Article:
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Web form analytics; the final frontier of internet marketing

Conversion Rate Optimisation

SEO, CRO and hurdles

Digital and internet marketing now forms an integral part of the growth strategies of most businesses. Engaging with potential customers and clients online, being visible in search engine results, and providing high quality sharable content are cornerstones of the vast majority of marketing plans. Bring more people to your website and explain what you do in an engaging and interesting way, the thinking goes, and the more business you will win.

Raising traffic to a website is only a part of the conversion process, and increasingly conversion rate optimisation has become ever more important to marketing efforts. After all, you can bring millions of visitors to your site, but if you do not give them a compelling reason to get in touch, your bottom line remains the same. However, even if you do give your audience a compelling reason to get in contact with you, there is one final hurdle; the form.

Even presidents have to overcome hurdles.

Almost all websites contain a form that allows visitors to reach out to you in some way. This can be a sign up page to join a community, receive newsletters, offers and competitions, an online checkout that they have to complete to make a purchase, or simply an enquiry form for them to ask you a question. Forms however remain an obstacle to overcome to achieve some other goal. They are a means to an end, be that buying a product, paying a bill, booking a holiday or simply having a question answered. And unfortunately, these forms remain a much neglected afterthought for most websites, meaning overcoming this hurdle is time consuming and often infuriating.

The importance of web forms cannot be understated. They are often the first (and sometimes only) communication that visitors have with your business. Poorly designed and complicated forms can make the difference between an excited, engaged customer buying something from you and a frustrated, annoyed potential customer lost, unlikely to return.

An analogy

Imagine an incredible shop full of wonderful, desirable goods in prime position on the high street. As you wander past it you’re immediately taken by its store front and display and decide to go inside, keen to find out more about this eye catching and interesting place.

Once there, the layout and interior design are spectacular, intuitive, and almost awe inspiring. The shop is laid out in such a way that you can easily find exactly what you’re looking for, whilst also stumbling across other things that you never knew you wanted. After just a few minutes, you find your arms filled with amazing stuff that you want to buy, so you decide to head for the cash registers.

There, you find the most complicated and unintuitive self checkout system on cash registers that look ancient, and do not match the modern, sleek design of the rest of the shop. It’s also unclear what you are supposed to do, as there are no on-screen instructions. You decide to crack on, regardless.

The cash register regularly scans your items wrongly and you find it difficult to cancel or correct these errors, with no staff in the shop apparently there to help, and no way to request help either. You are asked to input the barcode numbers individually rather than scan them, and this has to be done in a particular way that you find yourself often getting wrong. At one point, you ask to pay using your card, but due to a technical error this does not work and you have to start the whole process again. Towards the end of the process you are asked to enter your favourite colour and if you have any pets. After 20 minutes of desperately trying to purchase the amazing bundle of wonderful gadgets, you give up, leave the shop and vow never to return.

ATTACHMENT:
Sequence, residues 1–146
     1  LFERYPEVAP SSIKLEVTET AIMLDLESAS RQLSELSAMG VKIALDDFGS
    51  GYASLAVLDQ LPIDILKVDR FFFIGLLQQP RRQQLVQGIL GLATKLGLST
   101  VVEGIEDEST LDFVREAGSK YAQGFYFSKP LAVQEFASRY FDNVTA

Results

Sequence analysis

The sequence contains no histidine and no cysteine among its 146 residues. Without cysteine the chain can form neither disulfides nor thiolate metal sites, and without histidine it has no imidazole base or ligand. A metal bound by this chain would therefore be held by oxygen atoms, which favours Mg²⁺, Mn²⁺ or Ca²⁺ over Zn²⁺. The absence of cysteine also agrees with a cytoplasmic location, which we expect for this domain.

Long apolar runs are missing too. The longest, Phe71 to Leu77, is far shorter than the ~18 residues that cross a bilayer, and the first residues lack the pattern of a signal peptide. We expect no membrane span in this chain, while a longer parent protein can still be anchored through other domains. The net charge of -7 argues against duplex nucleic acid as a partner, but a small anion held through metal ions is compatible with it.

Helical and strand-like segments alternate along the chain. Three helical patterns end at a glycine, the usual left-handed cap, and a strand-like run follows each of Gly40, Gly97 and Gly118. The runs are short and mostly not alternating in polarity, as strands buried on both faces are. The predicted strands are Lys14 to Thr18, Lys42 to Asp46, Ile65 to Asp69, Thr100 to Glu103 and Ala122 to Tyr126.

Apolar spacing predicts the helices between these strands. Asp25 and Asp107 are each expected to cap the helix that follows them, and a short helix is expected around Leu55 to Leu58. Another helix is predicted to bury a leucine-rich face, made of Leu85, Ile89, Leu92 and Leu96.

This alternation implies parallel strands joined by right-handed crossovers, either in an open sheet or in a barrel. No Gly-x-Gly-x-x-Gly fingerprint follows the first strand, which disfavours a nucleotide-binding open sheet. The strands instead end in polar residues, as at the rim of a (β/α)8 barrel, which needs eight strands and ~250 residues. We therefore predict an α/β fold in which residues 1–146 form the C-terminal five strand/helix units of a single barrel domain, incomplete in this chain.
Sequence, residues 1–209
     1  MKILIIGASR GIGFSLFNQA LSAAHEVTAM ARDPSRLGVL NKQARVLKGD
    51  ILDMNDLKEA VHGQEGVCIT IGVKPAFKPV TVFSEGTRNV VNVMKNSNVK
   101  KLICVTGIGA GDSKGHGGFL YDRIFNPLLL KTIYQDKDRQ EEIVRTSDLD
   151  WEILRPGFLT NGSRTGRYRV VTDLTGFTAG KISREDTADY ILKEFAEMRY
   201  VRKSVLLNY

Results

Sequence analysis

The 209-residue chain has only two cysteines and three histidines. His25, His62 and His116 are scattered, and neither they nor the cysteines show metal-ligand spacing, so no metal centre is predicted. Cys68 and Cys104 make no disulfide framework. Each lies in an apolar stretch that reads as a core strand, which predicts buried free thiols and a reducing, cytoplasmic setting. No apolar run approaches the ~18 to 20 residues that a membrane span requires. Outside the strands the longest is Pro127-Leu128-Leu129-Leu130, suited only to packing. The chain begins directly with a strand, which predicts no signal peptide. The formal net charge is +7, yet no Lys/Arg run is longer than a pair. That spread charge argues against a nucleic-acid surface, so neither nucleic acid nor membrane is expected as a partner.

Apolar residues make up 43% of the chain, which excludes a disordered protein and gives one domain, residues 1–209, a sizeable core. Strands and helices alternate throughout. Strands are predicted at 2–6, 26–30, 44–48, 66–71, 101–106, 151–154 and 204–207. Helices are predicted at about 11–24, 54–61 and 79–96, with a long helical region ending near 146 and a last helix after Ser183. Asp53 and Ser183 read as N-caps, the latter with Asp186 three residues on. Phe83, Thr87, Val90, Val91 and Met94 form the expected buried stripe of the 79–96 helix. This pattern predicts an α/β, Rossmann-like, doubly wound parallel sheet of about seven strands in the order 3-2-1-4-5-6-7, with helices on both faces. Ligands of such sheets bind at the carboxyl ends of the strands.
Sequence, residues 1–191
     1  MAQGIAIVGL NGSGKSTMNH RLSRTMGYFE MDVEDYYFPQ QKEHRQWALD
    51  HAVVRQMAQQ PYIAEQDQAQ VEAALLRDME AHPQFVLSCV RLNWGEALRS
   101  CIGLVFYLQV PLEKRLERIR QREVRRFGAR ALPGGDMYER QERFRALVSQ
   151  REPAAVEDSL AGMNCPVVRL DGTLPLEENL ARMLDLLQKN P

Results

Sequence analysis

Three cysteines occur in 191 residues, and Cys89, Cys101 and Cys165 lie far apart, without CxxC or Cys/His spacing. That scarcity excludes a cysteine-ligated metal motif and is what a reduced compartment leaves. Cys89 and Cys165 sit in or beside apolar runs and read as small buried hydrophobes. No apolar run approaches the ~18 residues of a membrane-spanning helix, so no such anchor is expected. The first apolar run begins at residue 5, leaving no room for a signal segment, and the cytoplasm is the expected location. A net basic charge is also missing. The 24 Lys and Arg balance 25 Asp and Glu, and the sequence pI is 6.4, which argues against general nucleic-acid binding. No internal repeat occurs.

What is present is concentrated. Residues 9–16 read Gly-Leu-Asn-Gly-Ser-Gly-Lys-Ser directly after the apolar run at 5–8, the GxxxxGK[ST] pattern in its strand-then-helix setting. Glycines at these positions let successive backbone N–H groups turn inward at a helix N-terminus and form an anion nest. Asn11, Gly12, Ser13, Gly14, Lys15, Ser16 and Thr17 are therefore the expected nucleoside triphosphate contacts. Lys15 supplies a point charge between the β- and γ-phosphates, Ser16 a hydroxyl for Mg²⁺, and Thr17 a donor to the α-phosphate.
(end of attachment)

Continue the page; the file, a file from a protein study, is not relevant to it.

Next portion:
You may also have smashed the thing.

For most businesses, this is exactly what their online forms are doing. Poorly designed, with little or no instructions, they are often too long, ask far more questions than you feel are necessary, and frequently wipe previously filled out fields if you make a mistake.

But what if, as a business, you did not know that your forms were giving users such a headache? Or, you knew that your forms were not converting but did not know exactly why? Are they too long? Are some questions seen as unnecessary and put users off completing the form?

The answer

Enter Formisimo – a powerful yet easy to use form analytics engine which gives insight in to how web visitors interact with your forms.

The Form Analytics tool allows you to view in-depth information on how users engage with the forms on your site. This data can be split in to overview statistics, in-depth statistics about individual form fields and highlight form issues, giving you data about problems users may be experiencing with your forms.

Every element of your form has a health score which compares the performance of that element to your own averages, industry averages and worldwide averages. The tool can also segment by mobile and tablet visitors and by country. In short, Formisimo gives you all the insight you need to make improvements to your forms.


If you can improve them, then you’ll see an increase in sales or leads with the same marketing spend. This process of form conversion rate optimisation will also make it easier for your website visitors to engage with you, which means they’ll have a more positive experience of your brand.

Formisimo has been developed to be powerful and easy to use. If you use web analytics software like Google Analytics, you’ll feel right at home.

So stop neglecting your forms. Give your users and potential customers the best possible experience at the point where they want to make contact with you. Forms will always remain a hurdle, but if you can make that hurdle as small and as easy to jump over as possible, your customers will forever thank you for it.